Charles continues Queen’s horseracing legacy by training new runners

King Charles visits a kebab shop in Hounslow

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King Charles is following in his mother’s footsteps by continuing her legacy of horse racing, as he has sent four of Queen Elizabeth II’s horses to a trainer in Andover. Ralph Beckett was hired by Charles in 2008, and he is now in charge of training four juveniles for the new racing season in March.

According to the Racing Post, flat racing expert Mr Beckett has been approached by the King to train the horses, all four of whom have been bred at the Royal Stud in Sandringham.

One of the animals is the sister of the late Queen’s sprinter King’s Lynn, which took part in the King’s Stand Stakes at Ascot last year and won the Group 2 Temple Stakes.

Another horse is the half-sister of Diploma, who was trained by Her late Majesty’s long-term trainer Sir Michael Stoute.

While she was alive the Queen reportedly split her horses between 11 different trainers.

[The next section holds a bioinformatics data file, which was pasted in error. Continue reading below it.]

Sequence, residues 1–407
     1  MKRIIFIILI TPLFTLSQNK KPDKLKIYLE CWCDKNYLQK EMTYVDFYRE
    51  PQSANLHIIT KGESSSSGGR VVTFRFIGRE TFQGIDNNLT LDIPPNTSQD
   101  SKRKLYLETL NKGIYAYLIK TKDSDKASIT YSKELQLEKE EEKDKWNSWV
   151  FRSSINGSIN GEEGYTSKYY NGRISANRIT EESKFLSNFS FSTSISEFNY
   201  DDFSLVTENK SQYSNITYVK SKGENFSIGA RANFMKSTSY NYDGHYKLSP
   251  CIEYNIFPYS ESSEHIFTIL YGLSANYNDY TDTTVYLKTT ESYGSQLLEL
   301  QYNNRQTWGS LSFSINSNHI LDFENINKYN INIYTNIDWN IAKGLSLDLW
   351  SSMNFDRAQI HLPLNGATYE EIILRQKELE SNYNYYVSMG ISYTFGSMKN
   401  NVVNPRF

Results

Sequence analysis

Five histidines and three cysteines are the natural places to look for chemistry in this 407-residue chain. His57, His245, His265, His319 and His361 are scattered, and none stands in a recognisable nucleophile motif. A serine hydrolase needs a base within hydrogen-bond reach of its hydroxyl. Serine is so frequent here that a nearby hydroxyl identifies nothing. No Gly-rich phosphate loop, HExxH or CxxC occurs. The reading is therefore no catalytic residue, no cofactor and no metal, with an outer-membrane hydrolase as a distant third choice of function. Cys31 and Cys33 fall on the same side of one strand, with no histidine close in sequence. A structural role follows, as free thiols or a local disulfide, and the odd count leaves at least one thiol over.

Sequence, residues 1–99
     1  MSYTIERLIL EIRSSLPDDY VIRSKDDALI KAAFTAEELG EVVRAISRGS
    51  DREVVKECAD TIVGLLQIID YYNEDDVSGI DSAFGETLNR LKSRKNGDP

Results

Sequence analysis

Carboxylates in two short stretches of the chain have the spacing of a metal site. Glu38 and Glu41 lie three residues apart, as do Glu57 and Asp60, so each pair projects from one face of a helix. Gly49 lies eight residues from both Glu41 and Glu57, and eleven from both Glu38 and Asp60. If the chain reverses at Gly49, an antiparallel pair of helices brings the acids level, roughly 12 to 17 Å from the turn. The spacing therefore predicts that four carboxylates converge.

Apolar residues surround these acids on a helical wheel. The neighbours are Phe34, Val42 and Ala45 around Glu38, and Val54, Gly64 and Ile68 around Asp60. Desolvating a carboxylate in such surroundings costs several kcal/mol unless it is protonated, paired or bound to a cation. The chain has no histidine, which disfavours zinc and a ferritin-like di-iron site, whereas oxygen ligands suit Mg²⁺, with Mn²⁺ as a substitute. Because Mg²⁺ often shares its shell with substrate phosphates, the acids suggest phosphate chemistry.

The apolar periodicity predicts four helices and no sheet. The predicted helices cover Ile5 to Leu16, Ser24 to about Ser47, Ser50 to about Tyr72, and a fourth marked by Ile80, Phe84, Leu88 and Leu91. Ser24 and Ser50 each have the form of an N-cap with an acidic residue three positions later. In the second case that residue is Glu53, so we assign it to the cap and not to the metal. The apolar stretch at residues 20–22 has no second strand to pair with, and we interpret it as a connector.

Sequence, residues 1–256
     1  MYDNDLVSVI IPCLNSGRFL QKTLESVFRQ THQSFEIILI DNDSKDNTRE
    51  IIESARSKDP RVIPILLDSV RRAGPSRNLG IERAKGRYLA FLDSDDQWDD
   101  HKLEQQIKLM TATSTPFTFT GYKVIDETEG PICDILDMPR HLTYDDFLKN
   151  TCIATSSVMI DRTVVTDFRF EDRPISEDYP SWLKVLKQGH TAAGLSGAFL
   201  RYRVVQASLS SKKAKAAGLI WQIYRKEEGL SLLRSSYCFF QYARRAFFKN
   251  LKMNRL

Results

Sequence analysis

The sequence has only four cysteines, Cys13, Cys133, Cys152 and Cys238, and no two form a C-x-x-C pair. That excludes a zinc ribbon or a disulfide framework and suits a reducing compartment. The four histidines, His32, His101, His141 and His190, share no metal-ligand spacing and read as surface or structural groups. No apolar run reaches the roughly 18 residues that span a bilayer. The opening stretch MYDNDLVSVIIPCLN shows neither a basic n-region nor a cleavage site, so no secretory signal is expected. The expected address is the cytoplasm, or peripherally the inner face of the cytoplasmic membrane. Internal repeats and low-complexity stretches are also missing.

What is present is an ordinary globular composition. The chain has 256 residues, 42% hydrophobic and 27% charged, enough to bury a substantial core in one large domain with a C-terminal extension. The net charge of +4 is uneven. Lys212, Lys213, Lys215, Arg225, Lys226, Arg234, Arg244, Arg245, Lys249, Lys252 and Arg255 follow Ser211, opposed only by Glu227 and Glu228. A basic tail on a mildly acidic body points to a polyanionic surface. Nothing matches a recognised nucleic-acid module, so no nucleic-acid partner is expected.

Mr Beckett was first hired in 2008 to train the first horse bred by him and Camilla.

He said: “When he told me the plan I did a double-take. It’s a real honour and very exciting.”

Last year the King sold off 14 of the Queen’s horses at auction for a total of £1million, with a royal source confirming his plans to reduce the royal racing stock.

Charles inherited all of his mother’s racing horses after her death, with over one-third of them being sold famous Tattersalls October sales in Newmarket, Suffolk.

The source said: “The connection between the family and the horse-racing industry will continue.”

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They added: “The desire is to continue with the traditions and connections with Royal Ascot but not on the same scale as Her Majesty because she had a passion.”

Every year Her Majesty would usually sell around seven horses as part of the “natural churn” of running the collection.

Tattersall’s spokesman Jimmy George told the BBC: “The Queen had brood mares of her own, she would breed them and sell them. You can’t keep them all.”

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